Delphi Automotive CEO Rodney O’Neal effectively blamed GM for the deaths related to General Motors' faulty ignition switches in a Congressional testimony Thursday, saying the company knowingly approved the faulty design.
Delphi is the company that made the bad switches for GM vehicles that have been linked to 13 deaths.
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“GM knowingly approved a final design that included less torque than the original target," O’Neal said in prepared written testimony for a Senate subcommittee examining the GM situation, Reuters reported
. "In our view, that approval established the final specification."
In verbal testimony, O’Neal told senators that his company wasn’t told about the problems until February 2014 and takes no responsibility for what happened. GM CEO Mary Barra, who testified before O’Neal, agreed with that assessment, Reuters said.
The design changes were made to the part without the part number being changed, and O’Neal testified that was a usual practice for the industry. Last year, Delphi reported 120,000 changes in engineering to parts and less than half were accompanied by part number changes, Reuters reported.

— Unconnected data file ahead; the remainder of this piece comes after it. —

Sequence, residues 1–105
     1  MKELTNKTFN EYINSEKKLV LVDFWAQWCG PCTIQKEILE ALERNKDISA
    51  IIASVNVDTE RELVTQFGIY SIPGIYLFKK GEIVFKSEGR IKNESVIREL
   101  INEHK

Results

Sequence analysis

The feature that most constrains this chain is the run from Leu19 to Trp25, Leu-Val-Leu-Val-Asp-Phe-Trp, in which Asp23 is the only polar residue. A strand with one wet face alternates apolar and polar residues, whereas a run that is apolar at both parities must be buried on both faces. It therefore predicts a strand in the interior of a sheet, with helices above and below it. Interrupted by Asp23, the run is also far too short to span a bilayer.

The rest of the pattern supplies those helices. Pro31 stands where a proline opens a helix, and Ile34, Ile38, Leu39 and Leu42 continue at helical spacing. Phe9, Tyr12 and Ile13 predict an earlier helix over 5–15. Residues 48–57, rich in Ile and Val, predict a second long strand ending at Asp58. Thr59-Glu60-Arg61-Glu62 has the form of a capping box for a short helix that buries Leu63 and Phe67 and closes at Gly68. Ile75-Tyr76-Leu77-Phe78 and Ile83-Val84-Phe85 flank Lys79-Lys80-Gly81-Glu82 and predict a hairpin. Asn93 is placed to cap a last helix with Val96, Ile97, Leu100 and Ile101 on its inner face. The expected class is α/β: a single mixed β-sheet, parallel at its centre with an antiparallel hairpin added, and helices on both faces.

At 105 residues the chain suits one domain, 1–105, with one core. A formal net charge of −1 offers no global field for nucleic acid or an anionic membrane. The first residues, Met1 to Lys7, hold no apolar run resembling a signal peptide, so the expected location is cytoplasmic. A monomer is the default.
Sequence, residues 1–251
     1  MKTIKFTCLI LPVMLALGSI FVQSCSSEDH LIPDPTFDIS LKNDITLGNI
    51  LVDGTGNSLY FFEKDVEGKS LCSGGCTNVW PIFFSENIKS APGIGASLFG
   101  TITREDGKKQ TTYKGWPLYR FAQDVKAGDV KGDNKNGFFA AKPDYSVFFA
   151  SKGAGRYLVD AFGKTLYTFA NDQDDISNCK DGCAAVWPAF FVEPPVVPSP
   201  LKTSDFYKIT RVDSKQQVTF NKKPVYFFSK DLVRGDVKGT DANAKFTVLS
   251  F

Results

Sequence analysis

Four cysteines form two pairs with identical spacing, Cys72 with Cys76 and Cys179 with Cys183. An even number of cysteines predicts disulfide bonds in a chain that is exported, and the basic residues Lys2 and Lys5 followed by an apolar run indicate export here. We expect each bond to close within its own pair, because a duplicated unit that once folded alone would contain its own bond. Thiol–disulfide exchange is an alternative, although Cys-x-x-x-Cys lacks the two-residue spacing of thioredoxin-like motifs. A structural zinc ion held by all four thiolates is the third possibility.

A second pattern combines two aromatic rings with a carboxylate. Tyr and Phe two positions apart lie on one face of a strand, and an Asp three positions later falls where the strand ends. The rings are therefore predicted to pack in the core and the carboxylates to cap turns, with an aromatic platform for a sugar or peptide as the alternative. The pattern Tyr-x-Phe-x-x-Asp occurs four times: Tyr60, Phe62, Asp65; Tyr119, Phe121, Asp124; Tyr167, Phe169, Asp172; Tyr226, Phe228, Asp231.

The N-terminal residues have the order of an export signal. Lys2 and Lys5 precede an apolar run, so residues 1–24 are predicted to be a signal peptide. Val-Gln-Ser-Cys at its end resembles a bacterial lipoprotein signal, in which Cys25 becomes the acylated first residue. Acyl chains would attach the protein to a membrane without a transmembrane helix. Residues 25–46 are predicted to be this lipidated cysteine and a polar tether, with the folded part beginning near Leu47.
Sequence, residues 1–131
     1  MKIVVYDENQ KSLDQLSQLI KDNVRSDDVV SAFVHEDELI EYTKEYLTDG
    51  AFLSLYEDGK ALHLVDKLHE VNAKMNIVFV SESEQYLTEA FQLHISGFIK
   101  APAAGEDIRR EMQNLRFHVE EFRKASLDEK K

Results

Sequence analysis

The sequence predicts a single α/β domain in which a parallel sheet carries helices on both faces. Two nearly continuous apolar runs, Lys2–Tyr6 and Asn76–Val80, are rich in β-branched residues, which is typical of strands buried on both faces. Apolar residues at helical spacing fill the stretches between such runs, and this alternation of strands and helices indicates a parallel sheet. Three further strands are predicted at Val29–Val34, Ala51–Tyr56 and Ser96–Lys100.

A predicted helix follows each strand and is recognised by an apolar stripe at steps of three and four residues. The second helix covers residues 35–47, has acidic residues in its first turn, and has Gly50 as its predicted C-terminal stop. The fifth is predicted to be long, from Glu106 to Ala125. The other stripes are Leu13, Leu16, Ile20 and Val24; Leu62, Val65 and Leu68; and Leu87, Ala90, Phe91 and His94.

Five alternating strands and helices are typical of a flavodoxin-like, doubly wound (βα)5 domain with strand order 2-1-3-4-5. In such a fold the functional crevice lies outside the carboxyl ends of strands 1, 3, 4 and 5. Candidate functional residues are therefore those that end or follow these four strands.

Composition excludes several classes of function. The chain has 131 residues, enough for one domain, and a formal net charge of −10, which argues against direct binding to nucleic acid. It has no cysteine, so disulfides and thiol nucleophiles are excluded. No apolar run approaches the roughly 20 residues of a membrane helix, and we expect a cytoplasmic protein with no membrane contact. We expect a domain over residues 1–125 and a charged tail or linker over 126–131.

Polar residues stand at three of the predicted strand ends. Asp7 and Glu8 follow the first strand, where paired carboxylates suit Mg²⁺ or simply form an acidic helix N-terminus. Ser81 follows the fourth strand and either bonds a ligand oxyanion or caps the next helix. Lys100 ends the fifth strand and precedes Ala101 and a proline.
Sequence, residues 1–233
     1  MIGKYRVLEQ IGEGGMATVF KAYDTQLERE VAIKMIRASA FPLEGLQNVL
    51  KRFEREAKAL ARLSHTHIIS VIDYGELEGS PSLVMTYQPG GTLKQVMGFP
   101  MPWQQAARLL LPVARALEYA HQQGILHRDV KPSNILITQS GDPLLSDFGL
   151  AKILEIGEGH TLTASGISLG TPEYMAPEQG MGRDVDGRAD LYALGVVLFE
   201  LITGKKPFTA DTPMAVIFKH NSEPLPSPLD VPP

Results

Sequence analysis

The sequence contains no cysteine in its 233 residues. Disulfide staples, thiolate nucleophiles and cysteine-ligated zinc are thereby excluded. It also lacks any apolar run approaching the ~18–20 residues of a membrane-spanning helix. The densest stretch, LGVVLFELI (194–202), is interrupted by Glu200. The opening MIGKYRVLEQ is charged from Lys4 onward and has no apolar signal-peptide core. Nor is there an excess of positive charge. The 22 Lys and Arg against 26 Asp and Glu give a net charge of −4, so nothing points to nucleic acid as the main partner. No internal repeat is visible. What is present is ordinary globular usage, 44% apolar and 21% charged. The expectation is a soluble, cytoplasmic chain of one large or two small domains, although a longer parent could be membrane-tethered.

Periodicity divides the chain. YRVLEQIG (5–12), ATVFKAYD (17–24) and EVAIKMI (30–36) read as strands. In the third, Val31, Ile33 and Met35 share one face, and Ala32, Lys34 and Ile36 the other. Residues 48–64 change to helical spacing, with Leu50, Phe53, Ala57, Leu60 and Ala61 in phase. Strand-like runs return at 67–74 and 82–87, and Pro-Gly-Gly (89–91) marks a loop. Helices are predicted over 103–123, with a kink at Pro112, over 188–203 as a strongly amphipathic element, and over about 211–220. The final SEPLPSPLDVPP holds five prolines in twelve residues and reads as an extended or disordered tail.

After hearing testimony on Thursday, lawmakers in the committee “demanded” that GM fire its head lawyer, Michael Milliken, and also open its compensation plan to allow more potential victims, The Associated Press reported
Although Sen. Claire McCaskill of Missouri offered kudos to Barra for her handling of the situation and the way she confronted both the problem and the company’s corporate culture, she also said Milliken should have been fired based on an internal report.
In a report prepared by attorney Anton Valukas, it was determined that the company’s legal staff didn’t act quickly enough to alert company officials about settlement actions in cases and that Milliken didn’t tell GM’s board or the U.S. Securities and Exchange Commission about possible punitive damages for the company.
“This is a either gross negligence or gross incompetence on the part of a lawyer," McCaskill said, according to the AP.
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